From The Grindhouse Cinema Database
< The PlumberRevision as of 18:01, 5 December 2020 by JKData
Watching The Plumber reminded me of something that happened when I started my first job. I was about to leave for the day when a guy with a tool kit walked in, claiming he was the building electrician. I was irritated that he came in just as I was leaving the office. It was then that I committed a crime that made him look like he wanted to murder me with every tool in his box in revenge. I asked to see his ID.
After a staring contest that lasted an eternity where neither of us budged, he finally went, "Look, I have been working here for over 20 years, nobody asked for my ID." He seems adamant almost to the pint of being stubborn about not showing his ID. I had to stay back in the end till he finished the work he said he came to do. Until I continued to work there, we crossed each other across the building and nod in acknowledgment. But I realized how it could have quickly gone the other way. That your worst fears came true, and he did turn out to be a psychopath. Slowly, chipping away at our sanity while chipping at the walls.
This incident came to mind when I saw The Plumber. It is a movie which has a simple premise. In one sentence, it is a movie about how one person's idyllic day is slowly destroyed by a random stranger who she lets into her home by chance. The Plumber starts with a professor Dr. Brian Cowper (Robert Coleby), leaving for college while his wife Jill (Judy Morris), a student in anthropology, continues with her studies. As Brian leaves, a guy walks in the building, and we see a shot of his hands here, spontaneously chooses the ninth floor. What is scary about this scene is the effortless way he walks in like he has nothing better to do that day. And all this comes out without even seeing single a shot of his face. Like he just decided right there, he will walk in of the protagonist and claim to be the working for the building.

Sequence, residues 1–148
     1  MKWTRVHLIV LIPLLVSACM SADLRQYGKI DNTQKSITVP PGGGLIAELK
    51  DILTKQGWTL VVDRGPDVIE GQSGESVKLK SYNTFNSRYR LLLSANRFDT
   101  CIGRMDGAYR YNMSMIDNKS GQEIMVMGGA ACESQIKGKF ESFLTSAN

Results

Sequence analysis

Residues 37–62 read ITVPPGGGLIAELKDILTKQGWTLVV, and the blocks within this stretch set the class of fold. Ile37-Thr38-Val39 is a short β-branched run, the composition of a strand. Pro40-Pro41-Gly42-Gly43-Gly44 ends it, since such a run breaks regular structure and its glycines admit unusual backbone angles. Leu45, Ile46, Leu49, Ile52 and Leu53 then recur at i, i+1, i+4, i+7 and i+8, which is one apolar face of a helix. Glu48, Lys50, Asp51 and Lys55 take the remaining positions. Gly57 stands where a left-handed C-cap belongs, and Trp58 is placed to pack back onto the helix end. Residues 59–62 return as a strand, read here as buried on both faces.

Now Jill faces the dilemma of whether to let him in or not. And as she lets him in, she seals her fate and starts the cat and mouse game that lasts through the movie. Judy Morris plays the vulnerable wife Jill, who immediately recognizes the mistake she made out of politeness but realizes she is too far in and decides to let it be. Though it might put some off the way, she keeps allowing him to come back until its too late. You understand why, especially when people around her also brushes her off. Like her husband, Robert, who is a character you can't get on board with, the way he keeps dismissing her fears even when people are getting injured around the bathroom the Plumber has come to fix. As the movie progresses, we see the state of the toilet getting messier, but Robert does not want to deal with it. And Robert Coleby's portrayal of Brian also doesn't help matters as he plays up his cluelessness to the point where it gets maddening.
But the MVP is Ivar Kants, who plays the titular Plumber. He looks like the kind of guy you get immediately suspicious of but pretty soon gets taken in by his uncouth roguish charm. You are hardly surprised when people let him get away with his dismissive ticks and his claims of just having fun, especially when it is pretty evident that he knows his way around and also when it looks like people around the campus knows him. Which still doesn't assuage her fears as we have already seen multiple times his knack of conning his way to where he has no business being.
I was surprised to know this was a movie directly by Peter Weir, sandwiched between two of his Aussie classics, The Last Wave and Gallipoli. It does feel like a lesser movie directed by someone who is capable of better things. So it makes sense that though it initially took birth as a TV movie, it was later realized for the theater. You can even draw parallels to Duel, another TV movie that won enough acclaim and popularity that it was expanded and released into theaters. It doesn't quite hit the slow, tense escalation of that movie as rarely do you feel that Jill is in real danger. Despite a couple of scenes where he slowly threatens her in his subtle menacing way.
And you never really get to know why he decides to menace her even if it looks like he spontaneously decided on it. But as he keeps on destroying both her bathroom and sanity, you understand why she does what she does in the climax. Who knows, maybe he will be back after a few years to haunt them again.
There are mainly scenes where he gets thoroughly dangerous, like the scene where he sings and plays multiple instruments while annoying the hell out of Jill. Or the first time they meet when he chips at the toilet and then takes a shower in the bathroom. The single drop of water on his hair after it makes your skin crawl at the violation of her privacy.
The Plumber is a movie that is for the Peter Weir completist, which was was eventually released right before he transitioned to Hollywood in the '80s. It made me relive that incident from my first job though I was not scared to bits and made me think it is okay to be suspicious sometimes than be sorry.